“Someone else needs to get up there and I can’t keep singing. Go impress her! Now’s your chance.” Kate pushed him forward.
“All right, we’ll call ourselves the Bainbridge Family Quartet.” Henry quipped as he slid off the sofa, went to the punchbowl, and filled another cup. Strolling over to the piano, he sat down next to Lydie on the bench.
As he pressed the cup to her lips, he whispered, “Something for the pianist. I thought you might be thirsty.”
“That’s so sweet of you, Henry,” Lydie took a sip and continued to play.
“You didn’t tell me played this well. Keep it up, and we’ll book you for every family gathering from now on.” He chuckled and she giggled.
Setting the cup down on the piano, Henry flexed his hands, found a moment where he could come in, and began playing the bass clef. The cuff of his dark jacket brushed against her bare arm. Grinning, he winked at her before he sang in a lovely tenor voice. Lydie’s eyes widen in surprise and she let him take the lead.
“What a nice evening. Henry hasn’t played or sang for us since high school.” Hyacinth shook her head in amazement.
“A man will do many things when he’s in love,” Robert said.
“I think you may be right. I haven’t seen him this happy in years,” Hyacinth agreed.
“We used to look at each other that way. Do you remember?”
“Yes, we did.” Hyacinth looked down.
“It must be off between Katie and the young Englishman,” Robert observed.
“It’s on between Henry and the young lady. What is her name again?”
“I always liked that name. I think my great-grandmother was named Lydia.”
Robert shook his head and watched the pair at the piano.
Kate stood next to Edward. “It must be the mistletoe I hung up in the front entryway that has them like that.”
He shook his head. “Henry is good for Lydie.”
“Listen, I know I ruined things between us, and I spoiled everything for them. I was a mess, and I want to tell you I’m sorry. I wish I could go back and be a different girl for you. Something like that.”
“Well, it’s all done now. I’m sure you’ll be a lovely lady for someone.”
“I am getting better, Edward.”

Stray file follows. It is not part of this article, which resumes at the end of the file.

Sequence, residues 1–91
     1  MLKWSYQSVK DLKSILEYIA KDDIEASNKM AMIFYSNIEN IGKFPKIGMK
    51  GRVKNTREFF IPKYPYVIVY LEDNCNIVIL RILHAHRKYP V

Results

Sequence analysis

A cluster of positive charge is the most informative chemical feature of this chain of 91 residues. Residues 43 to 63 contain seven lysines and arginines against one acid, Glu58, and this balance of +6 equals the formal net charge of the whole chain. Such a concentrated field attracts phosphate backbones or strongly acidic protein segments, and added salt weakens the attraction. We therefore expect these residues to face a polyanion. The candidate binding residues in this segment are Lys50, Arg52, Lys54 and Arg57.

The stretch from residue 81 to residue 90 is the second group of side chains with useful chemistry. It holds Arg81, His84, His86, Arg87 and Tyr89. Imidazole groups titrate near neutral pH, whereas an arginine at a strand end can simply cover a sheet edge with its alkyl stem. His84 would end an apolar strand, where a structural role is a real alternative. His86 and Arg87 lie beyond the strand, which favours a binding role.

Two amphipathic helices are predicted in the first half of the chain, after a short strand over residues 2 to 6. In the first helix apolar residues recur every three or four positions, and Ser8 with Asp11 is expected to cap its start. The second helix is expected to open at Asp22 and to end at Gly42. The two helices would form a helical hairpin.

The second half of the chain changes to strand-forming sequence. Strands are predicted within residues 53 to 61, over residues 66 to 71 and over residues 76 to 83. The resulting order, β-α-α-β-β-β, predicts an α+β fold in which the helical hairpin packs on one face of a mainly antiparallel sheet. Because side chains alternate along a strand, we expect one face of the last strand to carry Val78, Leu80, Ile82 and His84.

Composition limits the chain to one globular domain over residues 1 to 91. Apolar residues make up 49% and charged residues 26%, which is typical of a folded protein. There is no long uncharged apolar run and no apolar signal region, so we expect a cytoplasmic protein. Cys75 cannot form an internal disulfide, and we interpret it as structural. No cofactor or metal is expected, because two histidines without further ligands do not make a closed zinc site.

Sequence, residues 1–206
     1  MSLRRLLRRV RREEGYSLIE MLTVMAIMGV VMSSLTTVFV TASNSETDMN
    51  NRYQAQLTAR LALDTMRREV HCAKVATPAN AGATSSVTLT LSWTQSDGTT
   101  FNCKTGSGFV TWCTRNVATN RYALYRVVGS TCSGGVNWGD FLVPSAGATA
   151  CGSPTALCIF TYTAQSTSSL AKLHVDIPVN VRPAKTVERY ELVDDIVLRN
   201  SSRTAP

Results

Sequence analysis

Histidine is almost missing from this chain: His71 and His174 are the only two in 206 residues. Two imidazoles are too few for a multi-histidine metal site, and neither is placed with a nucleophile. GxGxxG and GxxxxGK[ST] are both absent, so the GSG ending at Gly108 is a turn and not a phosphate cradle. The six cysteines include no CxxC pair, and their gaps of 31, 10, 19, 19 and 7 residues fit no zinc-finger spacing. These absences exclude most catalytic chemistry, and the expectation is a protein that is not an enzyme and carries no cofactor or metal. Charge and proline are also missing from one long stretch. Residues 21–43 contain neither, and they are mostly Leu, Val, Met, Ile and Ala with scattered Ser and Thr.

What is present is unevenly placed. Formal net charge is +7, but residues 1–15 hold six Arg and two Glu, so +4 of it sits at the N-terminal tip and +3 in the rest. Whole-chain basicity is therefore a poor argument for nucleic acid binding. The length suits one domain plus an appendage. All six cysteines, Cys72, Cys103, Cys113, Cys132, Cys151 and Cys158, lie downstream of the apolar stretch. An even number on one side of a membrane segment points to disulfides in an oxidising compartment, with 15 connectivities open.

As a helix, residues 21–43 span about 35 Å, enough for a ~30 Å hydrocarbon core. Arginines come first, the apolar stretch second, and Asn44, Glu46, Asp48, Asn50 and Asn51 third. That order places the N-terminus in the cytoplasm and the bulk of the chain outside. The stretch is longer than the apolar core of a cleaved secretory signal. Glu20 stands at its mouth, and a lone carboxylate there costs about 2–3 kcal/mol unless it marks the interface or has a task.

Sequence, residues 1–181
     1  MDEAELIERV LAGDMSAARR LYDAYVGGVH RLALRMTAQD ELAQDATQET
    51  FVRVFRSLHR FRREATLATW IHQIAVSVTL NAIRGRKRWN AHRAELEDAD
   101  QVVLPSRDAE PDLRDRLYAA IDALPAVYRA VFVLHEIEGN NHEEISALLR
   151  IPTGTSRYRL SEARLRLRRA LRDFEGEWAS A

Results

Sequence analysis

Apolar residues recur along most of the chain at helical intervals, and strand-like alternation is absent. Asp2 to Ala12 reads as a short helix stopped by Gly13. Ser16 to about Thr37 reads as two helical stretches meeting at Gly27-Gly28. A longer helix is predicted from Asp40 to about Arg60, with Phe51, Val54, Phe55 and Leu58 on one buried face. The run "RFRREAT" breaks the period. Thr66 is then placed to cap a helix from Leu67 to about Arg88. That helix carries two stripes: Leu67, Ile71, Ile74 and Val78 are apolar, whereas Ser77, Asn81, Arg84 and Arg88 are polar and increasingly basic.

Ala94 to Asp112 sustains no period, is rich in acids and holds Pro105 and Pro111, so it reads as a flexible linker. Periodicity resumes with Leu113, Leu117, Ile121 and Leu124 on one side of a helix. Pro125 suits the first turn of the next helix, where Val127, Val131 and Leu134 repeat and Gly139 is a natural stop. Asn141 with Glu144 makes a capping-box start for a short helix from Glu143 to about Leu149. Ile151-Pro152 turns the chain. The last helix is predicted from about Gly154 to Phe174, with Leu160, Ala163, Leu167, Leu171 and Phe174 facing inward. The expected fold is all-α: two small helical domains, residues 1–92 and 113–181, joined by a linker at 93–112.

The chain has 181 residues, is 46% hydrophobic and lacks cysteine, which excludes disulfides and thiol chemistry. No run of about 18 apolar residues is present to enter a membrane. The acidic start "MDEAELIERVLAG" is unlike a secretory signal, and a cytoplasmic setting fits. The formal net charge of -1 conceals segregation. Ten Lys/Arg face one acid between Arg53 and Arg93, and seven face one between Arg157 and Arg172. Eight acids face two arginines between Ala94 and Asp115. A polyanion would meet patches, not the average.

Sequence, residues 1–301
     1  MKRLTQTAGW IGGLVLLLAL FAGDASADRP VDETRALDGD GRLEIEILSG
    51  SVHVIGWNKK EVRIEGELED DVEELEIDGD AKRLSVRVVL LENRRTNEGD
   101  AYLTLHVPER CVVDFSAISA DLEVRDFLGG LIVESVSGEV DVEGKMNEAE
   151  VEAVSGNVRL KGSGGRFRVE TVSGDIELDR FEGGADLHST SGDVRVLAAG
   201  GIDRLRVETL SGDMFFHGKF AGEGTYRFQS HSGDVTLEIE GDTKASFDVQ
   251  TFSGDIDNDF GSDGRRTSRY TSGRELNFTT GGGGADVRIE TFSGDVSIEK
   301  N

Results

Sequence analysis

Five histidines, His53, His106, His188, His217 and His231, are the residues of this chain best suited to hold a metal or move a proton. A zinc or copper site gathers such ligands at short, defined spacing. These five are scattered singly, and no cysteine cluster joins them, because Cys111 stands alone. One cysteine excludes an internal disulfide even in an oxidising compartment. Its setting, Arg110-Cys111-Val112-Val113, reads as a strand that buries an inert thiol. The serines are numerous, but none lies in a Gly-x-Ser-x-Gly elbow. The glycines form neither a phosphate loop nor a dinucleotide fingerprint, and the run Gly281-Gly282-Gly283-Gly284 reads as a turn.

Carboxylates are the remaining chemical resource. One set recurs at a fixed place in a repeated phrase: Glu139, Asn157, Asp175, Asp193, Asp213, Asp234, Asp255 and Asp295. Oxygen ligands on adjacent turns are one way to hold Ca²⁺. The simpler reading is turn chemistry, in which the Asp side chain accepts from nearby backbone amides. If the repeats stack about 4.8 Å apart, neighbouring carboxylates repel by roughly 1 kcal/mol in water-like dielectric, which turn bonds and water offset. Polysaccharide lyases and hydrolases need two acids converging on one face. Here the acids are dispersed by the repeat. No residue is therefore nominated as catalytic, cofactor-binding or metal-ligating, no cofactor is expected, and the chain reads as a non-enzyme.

“I hope you continue to improve.”
“Thank you for not putting me down. You’ve been nicer to me than I’ve been to myself.”
They sat in silence for a while. Kate wished she could be with Edward the way Henry was with Lydie. “It’s adorable the way he holds the cup to her lips as she plays so she won’t get thirsty.”
He shrugged.“Henry is an excellent chap. I’ve known that since day one. Why do you think I let him around her?”
At the piano, Henry leaned over and whispered to Lydie, “Why don’t you rest? I can play. Relax and enjoy yourself.”
She smiled. “I’m happy where I am.”
“Me too, but you’ve been playing for a while now. Why not get yourself another cup of eggnog?”
“If you insist.” Lydie was enjoying playing a duet with Henry so much she didn’t want to leave his side. It brought back her feeling from that date to Carnegie Hall again.
“I do. Rest. I’ll play for a while. Besides, my mother is stunned and I’m rather enjoying it.” He winked at her again.
That twinkle could make Lydie do a lot of things, so she got up and filled a cup of eggnog for Henry. She reciprocated his gestures by returning to the piano and held the cup to his lips. Their eyes were twinkling when they met, the kind of special smile that eyes have when two people are in love.
Over on the sofa, the Mortons and Robert and Hyacinth observed this exchange.
“Robert, I think you ought to see if the church is free back in Ithaca. I’ve got a feeling about those two,” George said.
“Why Ithaca?” Hyacinth demanded. “A well-bred girl like Lydia would most likely want a city wedding. The bride gets to choose, after all.”
Robert raised his eyebrows. “Are you merely looking after her wishes or your own, dear?”